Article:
The Oxford American Music Issue: The Blues!

So, as you guys recall, I heard from the new-ish editor of the OA, who noticed that we used to talk a lot about the Music Issue and wondered if I’d like to talk about this one. I declared my feud with the OA over, but I should be clear that I’m not sure the new-ish editor knew about the feud. I mean, I’m sure there’s a whole side part to that job that is just learning new, weird shit about what happened before you got there and dealing with the reverberations of that. And let’s be honest, “picked a years’ long fight with a random woman on the internet” has to be way down the list behind all the other stuff he got up to.

But anyway, I wasn’t going to turn down an issue devoted to the Blues or pass up the chance to mull it over with you all.

But do we even remember how to do this? Who knows?

For starters, I really love the music in this issue. I’ve been thinking a lot about the approach of it. I think there’s a tendency when you’re compiling a blues compilation to ask yourself “Who will fans expect to hear here?” The problem with that approach is that a lot of blues fans are devoted to the “the blues had a baby and we called it rock & roll” mythology, which means they expect to hear the folks that influenced rock music, which leads to the “the blues is a lone, rural musical savant with a guitar, almost always male” bias. Which, on the one hand, fine. I love me some Robert Johnson, Willie Dixon, and Muddy Waters as much as the next person (maybe more so in the case of Muddy Waters) and you’d be hard-pressed to put together a bad compilation that revolved around them.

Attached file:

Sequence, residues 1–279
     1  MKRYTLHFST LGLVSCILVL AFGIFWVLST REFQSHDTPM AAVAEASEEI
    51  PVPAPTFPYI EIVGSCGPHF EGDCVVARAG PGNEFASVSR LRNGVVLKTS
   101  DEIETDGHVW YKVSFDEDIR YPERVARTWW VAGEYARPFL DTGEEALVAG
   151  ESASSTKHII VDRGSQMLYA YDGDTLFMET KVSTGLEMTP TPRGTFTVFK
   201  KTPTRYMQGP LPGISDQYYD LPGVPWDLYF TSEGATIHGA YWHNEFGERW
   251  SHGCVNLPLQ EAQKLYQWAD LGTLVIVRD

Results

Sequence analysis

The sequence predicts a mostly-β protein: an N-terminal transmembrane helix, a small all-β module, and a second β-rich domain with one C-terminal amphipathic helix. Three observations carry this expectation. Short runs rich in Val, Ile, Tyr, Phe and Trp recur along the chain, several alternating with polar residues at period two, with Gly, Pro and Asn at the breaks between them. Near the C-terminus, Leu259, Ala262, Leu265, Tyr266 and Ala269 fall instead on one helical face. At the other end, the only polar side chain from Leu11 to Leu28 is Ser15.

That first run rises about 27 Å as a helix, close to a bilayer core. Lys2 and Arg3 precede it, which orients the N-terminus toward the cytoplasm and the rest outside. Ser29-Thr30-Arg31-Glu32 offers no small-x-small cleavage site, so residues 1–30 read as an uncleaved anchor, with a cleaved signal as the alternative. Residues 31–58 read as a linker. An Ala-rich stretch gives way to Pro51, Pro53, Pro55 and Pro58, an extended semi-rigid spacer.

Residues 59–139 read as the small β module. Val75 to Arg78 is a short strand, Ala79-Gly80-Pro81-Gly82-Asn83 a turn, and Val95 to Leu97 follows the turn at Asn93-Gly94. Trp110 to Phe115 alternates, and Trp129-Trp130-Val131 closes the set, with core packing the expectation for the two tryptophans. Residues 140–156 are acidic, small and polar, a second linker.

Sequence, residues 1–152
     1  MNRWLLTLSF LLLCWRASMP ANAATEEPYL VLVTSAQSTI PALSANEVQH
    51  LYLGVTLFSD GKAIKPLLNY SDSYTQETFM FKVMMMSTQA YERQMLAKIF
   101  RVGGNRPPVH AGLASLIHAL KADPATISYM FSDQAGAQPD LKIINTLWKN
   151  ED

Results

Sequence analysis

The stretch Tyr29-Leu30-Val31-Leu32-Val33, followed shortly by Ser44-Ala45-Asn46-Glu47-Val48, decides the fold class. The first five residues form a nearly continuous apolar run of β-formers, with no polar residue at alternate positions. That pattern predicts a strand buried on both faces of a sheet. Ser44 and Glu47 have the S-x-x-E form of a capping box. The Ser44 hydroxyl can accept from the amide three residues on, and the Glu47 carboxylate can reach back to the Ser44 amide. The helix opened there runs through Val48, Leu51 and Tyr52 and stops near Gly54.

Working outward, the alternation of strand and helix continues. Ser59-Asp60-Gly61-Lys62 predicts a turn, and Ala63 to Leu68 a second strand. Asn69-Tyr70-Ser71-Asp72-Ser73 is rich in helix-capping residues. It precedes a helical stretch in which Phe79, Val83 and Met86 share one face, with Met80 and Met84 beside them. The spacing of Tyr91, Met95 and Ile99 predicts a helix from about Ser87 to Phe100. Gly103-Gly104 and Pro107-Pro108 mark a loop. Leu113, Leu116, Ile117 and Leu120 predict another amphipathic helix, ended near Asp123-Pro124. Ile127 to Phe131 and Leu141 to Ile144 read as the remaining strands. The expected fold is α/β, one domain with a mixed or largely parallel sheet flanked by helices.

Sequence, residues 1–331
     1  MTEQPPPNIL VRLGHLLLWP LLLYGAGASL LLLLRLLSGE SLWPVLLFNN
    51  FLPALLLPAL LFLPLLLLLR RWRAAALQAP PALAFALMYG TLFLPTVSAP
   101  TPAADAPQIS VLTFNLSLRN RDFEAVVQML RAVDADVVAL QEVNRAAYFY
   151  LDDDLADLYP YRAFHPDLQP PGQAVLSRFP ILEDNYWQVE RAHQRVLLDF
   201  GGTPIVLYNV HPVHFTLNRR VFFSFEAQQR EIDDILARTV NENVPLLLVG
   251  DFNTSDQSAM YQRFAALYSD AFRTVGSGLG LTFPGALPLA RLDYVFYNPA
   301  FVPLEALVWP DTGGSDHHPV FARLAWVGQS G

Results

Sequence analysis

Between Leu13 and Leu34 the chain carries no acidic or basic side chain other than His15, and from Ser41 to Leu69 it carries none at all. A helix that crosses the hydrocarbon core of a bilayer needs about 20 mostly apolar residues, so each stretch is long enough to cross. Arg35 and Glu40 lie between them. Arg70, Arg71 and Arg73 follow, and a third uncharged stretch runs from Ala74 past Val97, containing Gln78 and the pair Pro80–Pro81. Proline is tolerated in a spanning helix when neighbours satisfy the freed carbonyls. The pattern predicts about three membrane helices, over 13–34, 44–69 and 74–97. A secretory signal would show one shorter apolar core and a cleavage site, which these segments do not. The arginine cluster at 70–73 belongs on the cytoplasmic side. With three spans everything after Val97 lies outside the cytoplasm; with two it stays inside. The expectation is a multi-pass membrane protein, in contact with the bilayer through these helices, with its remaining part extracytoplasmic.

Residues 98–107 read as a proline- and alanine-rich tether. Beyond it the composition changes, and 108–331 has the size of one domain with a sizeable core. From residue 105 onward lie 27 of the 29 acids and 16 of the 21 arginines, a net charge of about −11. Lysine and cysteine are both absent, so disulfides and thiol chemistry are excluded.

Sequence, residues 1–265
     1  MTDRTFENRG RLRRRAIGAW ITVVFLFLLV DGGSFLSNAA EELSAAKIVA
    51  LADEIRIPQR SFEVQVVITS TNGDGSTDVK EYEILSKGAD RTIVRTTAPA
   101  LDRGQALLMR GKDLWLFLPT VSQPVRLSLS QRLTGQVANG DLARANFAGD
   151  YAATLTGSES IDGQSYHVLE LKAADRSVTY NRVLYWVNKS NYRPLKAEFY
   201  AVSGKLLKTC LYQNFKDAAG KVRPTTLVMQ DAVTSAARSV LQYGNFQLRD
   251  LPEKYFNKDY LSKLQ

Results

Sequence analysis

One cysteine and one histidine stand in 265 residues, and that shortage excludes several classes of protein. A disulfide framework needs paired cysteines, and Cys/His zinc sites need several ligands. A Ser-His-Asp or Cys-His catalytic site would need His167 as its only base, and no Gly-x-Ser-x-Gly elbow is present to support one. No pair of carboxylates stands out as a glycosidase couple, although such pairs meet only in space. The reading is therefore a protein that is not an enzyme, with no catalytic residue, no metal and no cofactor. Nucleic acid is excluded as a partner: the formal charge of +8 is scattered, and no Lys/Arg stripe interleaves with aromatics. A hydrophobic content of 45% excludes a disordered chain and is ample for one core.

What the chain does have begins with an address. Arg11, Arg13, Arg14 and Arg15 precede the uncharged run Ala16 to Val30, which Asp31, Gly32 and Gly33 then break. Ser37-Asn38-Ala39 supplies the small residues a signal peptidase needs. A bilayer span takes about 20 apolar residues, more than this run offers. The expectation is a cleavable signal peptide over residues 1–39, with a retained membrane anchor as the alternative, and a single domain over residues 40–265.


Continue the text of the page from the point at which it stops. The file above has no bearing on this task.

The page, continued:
But, on the other hand, that means reinforcing the sexist biases of the blues fans who would go on to be rock stars–you get a really male-heavy version of the genre, a genre whose biggest foundational stars were women.

The OA collection is easily half female, ranging from Geeshie Wiley and Elvie Thomas to Ida Cox, Koko Taylor, and the more prominent Ettas, down to Adia Victoria and Alabama Shakes. Bessie and Mamie Smith aren’t on the CD, but they are well-considered in the issue.